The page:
We swim out to a little shipwreck a good 20 meters off the coast of the island and do some snorkeling. The fish seem to really like the sunken ship, which is covered in barnacles and vegetation. After lunch and a few more beers our boat is back to pick us up. We head out further from the mainland. Alejandro tells me we're going to a little area in the sea where starfish are abundant. It's an area where it's shallower than normal, and this apparently creates prime starfish territory. We jump off the boat to swim around. These starfish are everywhere. I've never seen them in the wild before. Starfish just don't seem like they're living. They look more like a crazy rock. They feel like rock too. We pick a few up to take pictures of them. I'm told not to take them out of the water for more than a second or two or they
can die. I'm not sure if this is true but I obey.
After hanging out with the starfish for a while we head over to another island closer to the mainland. This island is bigger. There's even a restaurant on it and some huts you can rent out for the night. Multiple people are also camping out on the island as we see tents everywhere. It's got a nice beach though, and I lay down in the sand while the other guys go to get some food at the restaurant. We are on this island for a maybe an hour and a half before our ride comes to pick us up and take us back to the mainland, a successful day at the San Blas Islands in the books.
Being awake for the drive back this time, I notice how scenic the road is. We are driving through a hills on the edges of a dense jungle. It's a pretty beautiful drive and we arrive back in the city before dark. Given the events of last night, I'm exhausted. I veg out on the couch the rest of the night with Alessia and get to bed early. Tomorrow
I have to go back to DC. Back to reality. This has been the longest vacation of my life. But it's not over quite yet.
Monday morning Alejandro has to go do some work. He's a professor of structural engineering at the local college and has some stuff to take care of. He drops me off at the Parque Natural Metropolitano, a little national park pretty much right in the city. Guess I'm not done with the jungle just yet. I walk around on some trails through the park and actually spot some wildlife, including a capybara, that big ugly rodent! There is a great view of downtown Panama City from the park. I'm amazed at how big it is. It's really a lot like Miami. Definitely more Americanized than anywhere else in Central America.
I hop in a cab at the park entrance and head back downtown. I have the driver drop me off at a random hotel so I can walk around the city a bit. I walk all over the place, looking up at the skyscrapers, and grabbing a quick lunch at Hooter's, since I like checking out international Hooter's if you remember. They even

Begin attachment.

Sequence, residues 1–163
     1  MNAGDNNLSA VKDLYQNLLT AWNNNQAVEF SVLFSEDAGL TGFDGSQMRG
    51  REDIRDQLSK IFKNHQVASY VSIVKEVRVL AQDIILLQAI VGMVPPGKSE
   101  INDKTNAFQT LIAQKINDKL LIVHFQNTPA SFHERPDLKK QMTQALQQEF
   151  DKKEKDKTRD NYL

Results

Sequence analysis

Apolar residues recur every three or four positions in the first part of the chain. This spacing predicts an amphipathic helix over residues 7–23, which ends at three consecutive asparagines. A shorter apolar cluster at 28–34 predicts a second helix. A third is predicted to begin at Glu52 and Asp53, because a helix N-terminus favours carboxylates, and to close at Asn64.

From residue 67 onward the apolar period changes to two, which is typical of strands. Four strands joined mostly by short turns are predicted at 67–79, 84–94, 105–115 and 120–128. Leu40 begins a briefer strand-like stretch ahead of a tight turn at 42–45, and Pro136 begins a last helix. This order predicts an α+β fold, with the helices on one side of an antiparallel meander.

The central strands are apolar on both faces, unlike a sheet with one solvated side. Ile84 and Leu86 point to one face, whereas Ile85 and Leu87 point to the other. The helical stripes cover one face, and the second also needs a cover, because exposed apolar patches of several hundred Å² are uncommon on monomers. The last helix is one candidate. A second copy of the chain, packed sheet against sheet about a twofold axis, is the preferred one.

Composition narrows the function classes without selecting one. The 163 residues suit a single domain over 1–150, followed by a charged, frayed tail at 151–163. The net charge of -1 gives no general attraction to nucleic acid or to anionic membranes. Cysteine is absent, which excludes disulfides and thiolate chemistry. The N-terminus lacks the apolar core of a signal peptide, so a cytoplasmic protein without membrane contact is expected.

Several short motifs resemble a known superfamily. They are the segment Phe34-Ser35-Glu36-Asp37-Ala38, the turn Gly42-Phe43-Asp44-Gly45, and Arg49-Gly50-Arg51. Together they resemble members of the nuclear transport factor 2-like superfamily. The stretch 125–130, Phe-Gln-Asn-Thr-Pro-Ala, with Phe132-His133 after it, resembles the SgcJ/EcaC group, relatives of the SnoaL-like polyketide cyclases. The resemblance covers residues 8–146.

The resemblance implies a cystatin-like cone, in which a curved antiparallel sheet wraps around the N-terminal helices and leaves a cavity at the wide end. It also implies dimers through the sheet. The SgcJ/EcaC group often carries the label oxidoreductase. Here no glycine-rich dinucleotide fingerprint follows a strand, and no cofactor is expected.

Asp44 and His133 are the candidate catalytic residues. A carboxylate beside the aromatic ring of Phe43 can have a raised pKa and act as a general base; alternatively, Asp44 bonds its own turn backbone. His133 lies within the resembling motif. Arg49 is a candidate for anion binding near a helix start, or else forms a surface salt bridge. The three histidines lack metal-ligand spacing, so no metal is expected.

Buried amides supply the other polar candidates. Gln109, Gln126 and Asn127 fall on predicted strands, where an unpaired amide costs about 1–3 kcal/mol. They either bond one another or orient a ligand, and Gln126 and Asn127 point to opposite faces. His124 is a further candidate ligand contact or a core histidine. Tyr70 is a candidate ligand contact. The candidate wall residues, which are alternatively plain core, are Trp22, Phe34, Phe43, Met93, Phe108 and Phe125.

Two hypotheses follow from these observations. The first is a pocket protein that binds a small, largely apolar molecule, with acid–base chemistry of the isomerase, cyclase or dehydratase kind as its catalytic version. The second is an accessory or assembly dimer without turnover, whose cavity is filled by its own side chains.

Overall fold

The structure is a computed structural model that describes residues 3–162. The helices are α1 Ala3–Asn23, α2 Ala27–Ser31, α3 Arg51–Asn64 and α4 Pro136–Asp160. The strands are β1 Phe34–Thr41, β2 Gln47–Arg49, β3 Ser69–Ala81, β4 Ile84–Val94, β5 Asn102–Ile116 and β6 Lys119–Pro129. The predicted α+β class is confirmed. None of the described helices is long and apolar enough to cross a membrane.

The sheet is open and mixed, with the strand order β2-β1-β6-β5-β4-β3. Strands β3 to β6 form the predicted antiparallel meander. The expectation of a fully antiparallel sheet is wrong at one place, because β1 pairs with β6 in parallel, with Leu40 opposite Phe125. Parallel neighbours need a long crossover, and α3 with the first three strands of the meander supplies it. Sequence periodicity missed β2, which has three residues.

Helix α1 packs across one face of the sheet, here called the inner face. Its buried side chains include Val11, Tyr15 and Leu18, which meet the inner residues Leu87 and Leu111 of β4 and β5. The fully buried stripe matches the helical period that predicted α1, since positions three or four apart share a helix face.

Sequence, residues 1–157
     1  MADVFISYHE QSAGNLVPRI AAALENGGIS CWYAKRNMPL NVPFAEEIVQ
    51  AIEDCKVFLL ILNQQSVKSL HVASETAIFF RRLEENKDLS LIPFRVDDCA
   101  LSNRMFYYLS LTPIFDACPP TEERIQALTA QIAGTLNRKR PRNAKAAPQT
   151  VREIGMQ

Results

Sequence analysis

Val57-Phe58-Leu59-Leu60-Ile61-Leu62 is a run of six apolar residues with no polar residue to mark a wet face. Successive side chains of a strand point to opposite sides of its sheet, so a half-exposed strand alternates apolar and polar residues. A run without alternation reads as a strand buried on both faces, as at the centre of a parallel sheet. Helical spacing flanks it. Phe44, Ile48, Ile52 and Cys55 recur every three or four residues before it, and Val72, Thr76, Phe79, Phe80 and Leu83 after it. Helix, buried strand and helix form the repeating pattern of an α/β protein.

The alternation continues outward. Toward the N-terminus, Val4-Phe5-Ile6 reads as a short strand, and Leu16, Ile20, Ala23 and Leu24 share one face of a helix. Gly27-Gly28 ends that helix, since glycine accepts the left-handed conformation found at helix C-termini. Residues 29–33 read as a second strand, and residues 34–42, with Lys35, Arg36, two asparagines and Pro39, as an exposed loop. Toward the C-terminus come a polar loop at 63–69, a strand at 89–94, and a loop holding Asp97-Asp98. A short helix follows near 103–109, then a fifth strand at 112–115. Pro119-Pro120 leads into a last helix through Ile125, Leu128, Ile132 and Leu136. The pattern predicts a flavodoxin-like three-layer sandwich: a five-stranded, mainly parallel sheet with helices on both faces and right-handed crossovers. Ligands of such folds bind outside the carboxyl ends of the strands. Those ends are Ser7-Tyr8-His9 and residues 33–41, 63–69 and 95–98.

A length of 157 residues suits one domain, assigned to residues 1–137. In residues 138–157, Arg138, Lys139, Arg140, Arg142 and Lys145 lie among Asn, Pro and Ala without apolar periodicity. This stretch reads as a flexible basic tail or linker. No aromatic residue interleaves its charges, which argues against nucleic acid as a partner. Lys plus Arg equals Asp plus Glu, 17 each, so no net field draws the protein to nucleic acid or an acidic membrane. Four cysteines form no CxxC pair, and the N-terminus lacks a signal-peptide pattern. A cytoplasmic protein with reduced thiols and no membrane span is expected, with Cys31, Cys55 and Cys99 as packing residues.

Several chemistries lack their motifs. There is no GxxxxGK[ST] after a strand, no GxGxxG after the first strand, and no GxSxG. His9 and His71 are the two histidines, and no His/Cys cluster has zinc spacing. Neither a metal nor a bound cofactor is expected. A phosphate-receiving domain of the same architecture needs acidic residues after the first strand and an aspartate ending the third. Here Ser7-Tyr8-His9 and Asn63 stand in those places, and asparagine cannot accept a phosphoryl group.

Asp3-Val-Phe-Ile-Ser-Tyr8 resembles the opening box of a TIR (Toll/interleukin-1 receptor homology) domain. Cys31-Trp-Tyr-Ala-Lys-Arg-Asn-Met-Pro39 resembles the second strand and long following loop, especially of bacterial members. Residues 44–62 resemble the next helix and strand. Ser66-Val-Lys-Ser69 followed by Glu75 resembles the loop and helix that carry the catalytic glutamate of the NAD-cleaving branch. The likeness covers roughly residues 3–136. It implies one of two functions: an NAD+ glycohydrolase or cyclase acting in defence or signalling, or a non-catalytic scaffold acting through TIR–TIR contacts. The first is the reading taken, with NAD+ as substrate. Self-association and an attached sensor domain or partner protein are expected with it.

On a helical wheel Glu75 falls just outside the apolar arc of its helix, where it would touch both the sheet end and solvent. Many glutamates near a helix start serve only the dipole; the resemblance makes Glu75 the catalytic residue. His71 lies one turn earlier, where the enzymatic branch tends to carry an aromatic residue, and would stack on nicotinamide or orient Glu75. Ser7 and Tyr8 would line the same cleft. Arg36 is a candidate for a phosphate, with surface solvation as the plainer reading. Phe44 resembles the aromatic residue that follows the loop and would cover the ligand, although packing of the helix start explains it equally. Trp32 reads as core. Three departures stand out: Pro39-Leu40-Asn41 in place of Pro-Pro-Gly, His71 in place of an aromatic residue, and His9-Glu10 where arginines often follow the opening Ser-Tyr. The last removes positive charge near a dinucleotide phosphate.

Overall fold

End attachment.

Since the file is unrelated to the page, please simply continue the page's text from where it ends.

have a Virginia Tech flag! My favorite Hooter's by far. I walk over to the Hard Rock Hotel, which is brand new and looks it. They let me up to check out the pool area and it's pretty nice. I wish I could stay longer but I've got to get moving. Next I walk over to the Trump Tower, which is also new and is the tallest building in Central America at almost 70 stories (all of the tallest buildings in Central American are in Panama...). It's just as fancy as you'd expect a Trump Tower to be and I head up to the pool for a drink and to relax for a bit. As much as I hate being at anything Donald Trump makes money off of it's actually pretty nice and I spend about a half hour up there before taking a cab back to Alejandro's place.
And just like that my weekend in Panama is over. Alejandro drives me back to the airport for my flight back to DC. Luckily it's a nonstop flight and only takes about four hours. I get home pretty late, exhausted from a great two week trip in Peru and Panama.
The next day it's 33 degrees in DC as I'm playing an outdoor soccer game at night. My fingers and toes go numb and I'm as close to frostbite as I've ever been. Lesson learned. Don't hike around the hot, humid Panamanian jungle one day and try to play a soccer game in freezing temperatures the next. I survived, but that was painful.
Panama City was a really cool city that I'm sure is unlike anywhere else in Central America. It's like America junior, except they speak Spanish. I still think I'll consider going back there for a bachelor party one day, or suggest it for one of my friends'. If I get to go back one day I'd like to explore more outside of the city, maybe the northern part of the country. If you're there I highly recommend the San Blas islands though. And if you end up at that gentlemen's club, tell them I said hi.